Research questions 1: Which changes could be made to the formulation of RUTF to improve bioavailability of micronutrients?
RUTF is composed of pre-processed food-based ingredients, mixed with a chemical premix of vitamins and minerals. More cereal and pulsebased formulations, as alternatives to peanut-based ones, are expected in the near future. The chemical forms of the vitamins and minerals in available premixes differ. Understanding the bioavailability of micronutrients in RUTF requires collecting evidence on food-based ingredients, as well as the specific chemical forms and dosages of added vitamins and minerals.
A number of activities and research questions were identified:
- Test different food-based ingredients of the RUTF with lower contents of antinutritional factors.
- Update food composition databases related to micronutrients, which are currently often incomplete (e.g. too few micronutrients listed, methods for analysis not specified, chemical forms not declared).
- Identify chemical forms and doses of vitamins and minerals which are sufficiently bioavailable in children with SAM. Key aspects to consider are: i) cost of different chemical forms, ii) encapsulation vs. non-encapsulation, iii) minimum, safe, efficacious dosage when using more bio-available forms (e.g. for iron: use of EDTA; use of small particle size iron (Lohmann), nano form - under development by Azko-Nobel company, or micronized form (SunActiveT).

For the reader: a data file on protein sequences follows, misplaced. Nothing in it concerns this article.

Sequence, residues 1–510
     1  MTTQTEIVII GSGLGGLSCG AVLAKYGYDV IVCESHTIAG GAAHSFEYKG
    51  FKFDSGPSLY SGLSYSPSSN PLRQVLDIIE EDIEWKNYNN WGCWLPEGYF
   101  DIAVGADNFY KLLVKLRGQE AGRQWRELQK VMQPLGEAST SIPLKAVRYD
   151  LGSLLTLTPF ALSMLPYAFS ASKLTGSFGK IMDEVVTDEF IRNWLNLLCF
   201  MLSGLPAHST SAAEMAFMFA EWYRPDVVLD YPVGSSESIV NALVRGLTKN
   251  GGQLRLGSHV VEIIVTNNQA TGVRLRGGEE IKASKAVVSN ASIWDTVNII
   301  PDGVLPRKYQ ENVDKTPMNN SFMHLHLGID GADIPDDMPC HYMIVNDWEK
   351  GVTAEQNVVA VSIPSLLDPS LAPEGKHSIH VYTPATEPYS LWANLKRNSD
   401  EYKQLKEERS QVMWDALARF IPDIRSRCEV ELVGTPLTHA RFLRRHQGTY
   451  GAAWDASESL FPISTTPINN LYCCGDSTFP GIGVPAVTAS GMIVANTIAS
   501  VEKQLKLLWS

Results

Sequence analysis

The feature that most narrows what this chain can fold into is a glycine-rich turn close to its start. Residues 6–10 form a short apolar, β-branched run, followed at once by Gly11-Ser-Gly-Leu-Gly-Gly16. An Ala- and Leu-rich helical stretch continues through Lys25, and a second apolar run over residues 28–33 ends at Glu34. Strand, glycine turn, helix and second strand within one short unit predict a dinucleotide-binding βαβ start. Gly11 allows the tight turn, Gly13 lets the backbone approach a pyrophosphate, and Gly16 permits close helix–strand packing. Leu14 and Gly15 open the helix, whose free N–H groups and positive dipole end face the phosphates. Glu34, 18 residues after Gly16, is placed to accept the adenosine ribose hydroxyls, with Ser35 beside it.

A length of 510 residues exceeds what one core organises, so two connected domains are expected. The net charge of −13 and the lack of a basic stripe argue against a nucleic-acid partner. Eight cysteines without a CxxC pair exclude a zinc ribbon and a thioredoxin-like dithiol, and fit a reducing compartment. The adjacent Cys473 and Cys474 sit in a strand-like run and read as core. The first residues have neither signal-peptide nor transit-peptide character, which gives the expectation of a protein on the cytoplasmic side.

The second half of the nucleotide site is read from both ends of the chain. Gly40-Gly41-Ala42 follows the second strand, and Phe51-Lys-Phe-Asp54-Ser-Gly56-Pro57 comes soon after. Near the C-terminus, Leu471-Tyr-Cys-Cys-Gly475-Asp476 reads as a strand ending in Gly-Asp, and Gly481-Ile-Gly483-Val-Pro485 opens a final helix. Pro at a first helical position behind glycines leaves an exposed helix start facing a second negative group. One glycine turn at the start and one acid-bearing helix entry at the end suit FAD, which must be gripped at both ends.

Question 2: What are the physiological-related factors influencing the bioavailability of micronutrients in SAM subjects?
It is not clear how SAM affects the ability to absorb and utilise micronutrients available from RUTF. Current knowledge on the metabolism of absorption and utilisation of micronutrients among both healthy children and children with micronutrient deficiencies may not apply to children with SAM. Phytic acid is among the main anti-nutritional factors influencing the bioavailability of a few micronutrients in RUTF (e.g. iron, zinc). A new form of phytase enzyme has been successfully tested in healthy adults.
Activities and research questions identified:
- Test RUTF with added phytase: (i) address ethical issues (and regulatory issues) in conducting research on phytase in children with SAM, (ii) select phytase-liquid vs. powder form (developed by DSM), (iii) consider stability/activity of the enzyme in the specific matrix of RUTFs, (iv) address the specific gastric environment in SAM (i.e. higher pH) which might impede the phytase activity. Research on phytase could potentially generate interest in using other kinds of digestion-activated enzymes, such as amylase and tannase.
- Identify maximum tolerable dosages of micronutrients before they become hazardous (e.g. free iron left in the gut when using iron sulphate).